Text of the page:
There are a number of apps that turn your iPad into a drawing tablet, though the best solutions vary depending on whether you'll be using it for simple doodling or full graphic design. Apps like Doodle Club, Drawing Pad or Brushes 3 are ideal for creating scribbles, sketches and other hand-drawn art on the iPad. If you're more interested in turning your iPad into a graphic tablet to aid in designing or photo editing on a computer, go with a solution like Air Display or MaxiVista.
Doodle Your Cares Away
There are several doodling apps available in the App Store that will get your creative juices flowing and your fingertips scribbling. The free Doodle Club app and the paid Drawing Pad and Brushes 3 are all good options that encourage the creation of hand-drawn concepts from scratch. Each app offers a variety of features, including coloring pages, brush and pencil collections, stickers and a color picker. You'll get a handful of each with Doodle Club, but the options and tools are more plentiful with one of the paid apps.
Share Your Screen
A doodling app won't work if your aim is to turn your iPad into a graphics tablet that can control an editing program like Photoshop or Illustrator on your computer. While you also won't be able to use the iPad to control the software on your desktop screen like you would with an expensive graphics tablet, there is a creative alternate solution. You'll need to employ an app -- and complementary software -- that mirrors your computer's desktop onto your iPad so your toolbar or canvas can be dragged onto an accessed on its touchscreen.
Configuring the Mirroring
A mirrored desktop works by way of an app on your iPad that communicates wirelessly with software on your computer. Air Display, for example, is available for both PC and Mac. MaxiVista is only PC-compatible, though it offers tools to combat screen lagging that Air Display does not. Both solutions extend your desktop so you have space to drag your toolbox or a touchscreen canvas for your design work.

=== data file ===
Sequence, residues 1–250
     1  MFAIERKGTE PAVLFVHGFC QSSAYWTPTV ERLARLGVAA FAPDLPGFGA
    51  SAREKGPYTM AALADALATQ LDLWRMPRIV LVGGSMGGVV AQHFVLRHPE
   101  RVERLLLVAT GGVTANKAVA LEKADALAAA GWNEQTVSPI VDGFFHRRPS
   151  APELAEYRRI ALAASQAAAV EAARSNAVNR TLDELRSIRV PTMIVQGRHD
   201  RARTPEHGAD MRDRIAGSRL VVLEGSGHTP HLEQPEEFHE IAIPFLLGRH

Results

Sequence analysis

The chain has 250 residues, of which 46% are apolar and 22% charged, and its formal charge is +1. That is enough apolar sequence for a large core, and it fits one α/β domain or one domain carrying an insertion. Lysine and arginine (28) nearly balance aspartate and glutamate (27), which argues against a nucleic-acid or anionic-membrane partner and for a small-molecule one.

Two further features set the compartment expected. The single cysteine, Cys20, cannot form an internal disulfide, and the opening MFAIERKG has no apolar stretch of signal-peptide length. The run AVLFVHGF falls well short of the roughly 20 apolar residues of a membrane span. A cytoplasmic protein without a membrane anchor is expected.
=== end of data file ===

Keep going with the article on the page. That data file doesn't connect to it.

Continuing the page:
Using the iPad as a Graphics Tablet
Install both the app and software, and then allow a few moments for them to establish a connection and initiate mirroring. Launch the design software on your computer and drag it onto the portion of your desktop mirrored on your iPad. Use your finger or a stylus to draw, edit, enhance and create. The reverse also works well, too -- move the canvas back to your computer instead and use the iPad's display to house your tools and maximize the available workspace on your desktop.
Limitations of the iPad
While mirroring your computer's screen to your iPad will equip you with an almost-free alternative to a separate graphics tablet, the iPad can't support all of the same features you'd find with a Wacom or Huion device. This is primarily because the iPad operates on capacitive touch, which doesn't allow for pressure sensitivity or gesture-driven brush strokes. With a good stylus, however, you can gain better control over your strokes and may not even miss the full-features of an expensive graphics tablet.
Style Your World With Color
Explore a range of beautiful hues with the year’s must-have colors.View Article
Barack Obama's signature color may bring presidential power to your wardrobe.View Article
See if her signature black pairs well with your personal style.View Article
See how the colors in your closet help determine your mood.View Article
- PC Mag: Learning to Draw on the iPad
- App Craver: 6 Drawing Apps to Make Art on the iPad
- Spyre Studios: 30+ iPad Apps for Designers, Developers and Creative Types
- Digital Photoshop Retouching: Turn Your iPad Into a Mini Wacom Graphic Tablet Like the Cintiq 2
- PCMag: MaxiVista Turns Your iPad Into a Second Monitor in Windows
- MacWorld: Air Display for iPad
- Comstock/Stockbyte/Getty Images